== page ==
Parliament says farewell to Dlamini-Zuma

2012-09-19 19:00
Home Affairs Minister Nkosazana Dlamini-Zuma. (File, Sapa)

Home Affairs Minister Nkosazana Dlamini-Zuma. (File, Sapa)

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Cape Town - Parliament on Wednesday paid a fond farewell and tribute to Home Affairs Minister Nkosazana Dlamini-Zuma as she heads for Addis Ababa to chair the African Union commission.

President Jacob Zuma led praise for one of the country's longest-serving post-apartheid ministers, calling her a patriot and her departure a loss for the country, but a gain for Africa.

"She will be sorely missed in the country. But we know that we shall feel and hear her footsteps in Addis Ababa," he told a joint sitting of both houses of Parliament.

"We pursued the issue of her election because Africa needs someone who would take the African Union and its operations to another level."

Zuma said she had excelled as health, foreign and home affairs minister, the three portfolios she has held since 1994.

Cope leader and former ANC defence minister Mosiuoa Lekota said Dlamini-Zuma helped to champion a new vision of Africa during her decade as foreign minister.

ANC MP Maggie Maunye said as health minister Dlamini-Zuma's stewardship of the Choice on Termination of Pregnancy Act had spared countless women the indignity and danger of back street abortions.

"We shall miss you. Let this joint sitting take forward your example of hard work and leadership," she added.

The Democratic Alliance's Sandy Kalyan said Dlamini- Zuma's "strong, determined and sometimes stubborn character traits" would serve her well in her new post.

After a standing ovation, Dlamini-Zuma said she had been deeply touched by wishes of support from colleagues and ordinary citizens.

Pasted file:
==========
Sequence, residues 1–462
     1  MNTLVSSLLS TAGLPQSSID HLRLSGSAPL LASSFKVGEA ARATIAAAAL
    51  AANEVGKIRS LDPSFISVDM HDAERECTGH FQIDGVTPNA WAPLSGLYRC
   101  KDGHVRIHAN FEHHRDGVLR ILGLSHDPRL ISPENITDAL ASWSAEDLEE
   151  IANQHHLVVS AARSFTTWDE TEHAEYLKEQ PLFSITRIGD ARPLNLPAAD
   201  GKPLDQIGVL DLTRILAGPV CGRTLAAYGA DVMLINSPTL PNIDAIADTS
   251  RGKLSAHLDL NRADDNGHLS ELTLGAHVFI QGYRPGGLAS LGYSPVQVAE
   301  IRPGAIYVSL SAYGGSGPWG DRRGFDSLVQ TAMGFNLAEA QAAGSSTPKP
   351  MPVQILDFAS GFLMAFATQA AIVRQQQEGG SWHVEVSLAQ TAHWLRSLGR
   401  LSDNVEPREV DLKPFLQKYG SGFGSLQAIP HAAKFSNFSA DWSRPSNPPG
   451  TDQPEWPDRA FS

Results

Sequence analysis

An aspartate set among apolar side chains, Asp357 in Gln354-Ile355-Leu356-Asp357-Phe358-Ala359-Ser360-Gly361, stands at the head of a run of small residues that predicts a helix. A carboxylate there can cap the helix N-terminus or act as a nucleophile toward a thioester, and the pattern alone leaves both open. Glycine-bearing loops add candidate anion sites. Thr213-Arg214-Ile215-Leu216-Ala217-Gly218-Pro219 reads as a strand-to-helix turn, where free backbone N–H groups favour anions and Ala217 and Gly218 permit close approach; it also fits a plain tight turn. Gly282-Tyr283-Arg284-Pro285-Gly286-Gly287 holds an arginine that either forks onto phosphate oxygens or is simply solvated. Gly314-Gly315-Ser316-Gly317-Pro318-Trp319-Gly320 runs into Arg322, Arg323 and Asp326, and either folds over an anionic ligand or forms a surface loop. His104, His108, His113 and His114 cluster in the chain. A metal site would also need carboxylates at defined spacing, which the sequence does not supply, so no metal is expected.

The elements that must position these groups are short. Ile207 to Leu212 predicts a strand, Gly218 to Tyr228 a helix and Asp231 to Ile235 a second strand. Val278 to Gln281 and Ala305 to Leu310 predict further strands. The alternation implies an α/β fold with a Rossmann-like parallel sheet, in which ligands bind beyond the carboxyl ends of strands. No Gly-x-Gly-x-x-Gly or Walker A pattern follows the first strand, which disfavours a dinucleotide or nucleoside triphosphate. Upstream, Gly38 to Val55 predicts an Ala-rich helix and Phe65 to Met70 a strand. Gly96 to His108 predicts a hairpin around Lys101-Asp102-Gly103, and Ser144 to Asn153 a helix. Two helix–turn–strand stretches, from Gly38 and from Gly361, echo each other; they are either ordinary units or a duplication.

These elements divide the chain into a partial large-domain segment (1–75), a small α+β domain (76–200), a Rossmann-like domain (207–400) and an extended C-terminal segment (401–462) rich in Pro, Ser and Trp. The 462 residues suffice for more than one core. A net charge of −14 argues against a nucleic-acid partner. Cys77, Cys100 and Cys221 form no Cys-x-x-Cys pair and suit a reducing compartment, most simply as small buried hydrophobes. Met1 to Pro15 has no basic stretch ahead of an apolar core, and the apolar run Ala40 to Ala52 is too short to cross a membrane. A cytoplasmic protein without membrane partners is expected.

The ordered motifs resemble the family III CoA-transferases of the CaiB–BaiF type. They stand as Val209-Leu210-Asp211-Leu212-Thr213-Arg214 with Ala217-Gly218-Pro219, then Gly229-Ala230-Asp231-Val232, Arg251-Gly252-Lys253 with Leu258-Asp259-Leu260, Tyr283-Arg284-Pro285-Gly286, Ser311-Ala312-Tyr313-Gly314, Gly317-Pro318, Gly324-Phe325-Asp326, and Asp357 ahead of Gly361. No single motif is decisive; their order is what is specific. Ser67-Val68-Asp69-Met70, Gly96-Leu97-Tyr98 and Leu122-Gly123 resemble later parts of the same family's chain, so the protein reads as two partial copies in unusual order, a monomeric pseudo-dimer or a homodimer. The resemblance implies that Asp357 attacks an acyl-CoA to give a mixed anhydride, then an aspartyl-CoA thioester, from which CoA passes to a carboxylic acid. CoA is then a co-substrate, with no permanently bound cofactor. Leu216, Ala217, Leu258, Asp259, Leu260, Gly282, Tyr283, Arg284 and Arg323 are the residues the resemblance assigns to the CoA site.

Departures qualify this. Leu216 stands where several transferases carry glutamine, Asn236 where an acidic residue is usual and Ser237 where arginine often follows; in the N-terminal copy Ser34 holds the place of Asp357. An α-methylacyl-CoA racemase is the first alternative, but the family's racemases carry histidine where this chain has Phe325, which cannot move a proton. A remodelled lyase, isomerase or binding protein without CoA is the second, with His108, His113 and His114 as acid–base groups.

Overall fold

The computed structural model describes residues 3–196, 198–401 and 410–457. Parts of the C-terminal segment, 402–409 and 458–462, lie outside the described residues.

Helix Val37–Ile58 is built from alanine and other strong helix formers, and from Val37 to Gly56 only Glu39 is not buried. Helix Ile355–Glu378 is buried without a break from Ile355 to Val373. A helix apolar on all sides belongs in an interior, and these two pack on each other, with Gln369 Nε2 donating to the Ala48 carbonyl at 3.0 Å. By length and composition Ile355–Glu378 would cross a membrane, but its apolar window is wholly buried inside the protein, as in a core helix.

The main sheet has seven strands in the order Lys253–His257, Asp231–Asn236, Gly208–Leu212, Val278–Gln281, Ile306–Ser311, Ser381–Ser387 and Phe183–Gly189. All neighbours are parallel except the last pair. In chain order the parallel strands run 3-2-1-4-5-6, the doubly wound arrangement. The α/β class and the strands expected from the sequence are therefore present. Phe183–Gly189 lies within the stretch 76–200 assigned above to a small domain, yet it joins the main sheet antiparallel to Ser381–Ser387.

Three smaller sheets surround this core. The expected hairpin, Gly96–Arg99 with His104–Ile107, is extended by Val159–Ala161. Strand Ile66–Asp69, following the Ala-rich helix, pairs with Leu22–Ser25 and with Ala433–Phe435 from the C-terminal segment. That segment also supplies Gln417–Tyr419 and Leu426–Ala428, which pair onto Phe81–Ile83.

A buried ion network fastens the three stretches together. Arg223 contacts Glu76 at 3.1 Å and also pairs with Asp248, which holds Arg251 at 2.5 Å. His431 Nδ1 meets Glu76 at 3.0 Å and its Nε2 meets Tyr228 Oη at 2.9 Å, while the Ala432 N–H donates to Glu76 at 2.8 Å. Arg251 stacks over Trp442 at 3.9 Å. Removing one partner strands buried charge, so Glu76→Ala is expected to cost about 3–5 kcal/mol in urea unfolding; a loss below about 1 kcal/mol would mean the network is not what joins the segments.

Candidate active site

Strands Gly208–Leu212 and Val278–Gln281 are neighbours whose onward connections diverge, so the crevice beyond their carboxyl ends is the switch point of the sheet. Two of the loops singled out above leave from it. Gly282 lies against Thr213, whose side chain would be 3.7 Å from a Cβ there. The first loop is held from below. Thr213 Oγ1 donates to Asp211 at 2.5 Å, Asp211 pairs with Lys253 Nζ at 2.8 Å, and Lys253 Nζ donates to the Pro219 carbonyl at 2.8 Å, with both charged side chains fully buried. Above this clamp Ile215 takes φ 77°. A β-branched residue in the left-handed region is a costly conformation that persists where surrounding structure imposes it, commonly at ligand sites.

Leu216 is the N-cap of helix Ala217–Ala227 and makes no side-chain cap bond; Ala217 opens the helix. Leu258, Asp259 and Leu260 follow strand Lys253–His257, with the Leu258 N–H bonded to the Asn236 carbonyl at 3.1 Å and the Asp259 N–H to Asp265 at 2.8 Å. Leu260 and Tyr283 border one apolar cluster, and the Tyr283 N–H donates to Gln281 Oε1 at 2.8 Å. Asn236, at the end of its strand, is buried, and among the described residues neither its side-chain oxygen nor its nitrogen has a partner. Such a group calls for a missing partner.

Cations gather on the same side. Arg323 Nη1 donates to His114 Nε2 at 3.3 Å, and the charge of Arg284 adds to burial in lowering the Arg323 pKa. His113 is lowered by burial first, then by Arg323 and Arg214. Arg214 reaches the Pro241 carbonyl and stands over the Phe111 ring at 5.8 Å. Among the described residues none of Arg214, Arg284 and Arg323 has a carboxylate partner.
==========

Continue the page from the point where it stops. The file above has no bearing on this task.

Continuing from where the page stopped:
Reflecting on her time as a minister, she said: "It has been a very pleasant 18 years, but it was a very steep learning curve for all of us."

She said she believed Africa's future had never looked brighter as the continent was "dynamic, developing, and increasingly democratic" but the present generation had a duty to ensure this potential became a reality.

Wiping away tears, she added: "I'm going to Addis Ababa not as a saviour, but as a humble servant of the continent.

"I cry when I'm happy, I cry when I'm sad, and today I'm both."

Dlamini-Zuma said her priorities would include resolving conflicts, promoting education and women's rights, and integrating trade and infrastructure across Africa.

She has in recent weeks voiced support for giving the Pan-African Parliament legislative powers.

Dlamini-Zuma will be the first woman, the first South African and the first anglophone to chair the decade-old African Union.

She will replace Jean Ping of Gabon after a closely fought contest that split the AU along linguistic lines. French-speaking nations backed Ping, while English-speaking countries rallied behind Dlamini-Zuma.

Neither candidate secured the required two-third of votes in a first round in January.

Ping then remained in office for another six months, before he was defeated by Dlamini-Zuma with 37 votes out of 54 in a second round in July.

Read more on:    home affairs  |  mosiuoa lekota  |  jean ping  |  nkosazana dlamini-zuma

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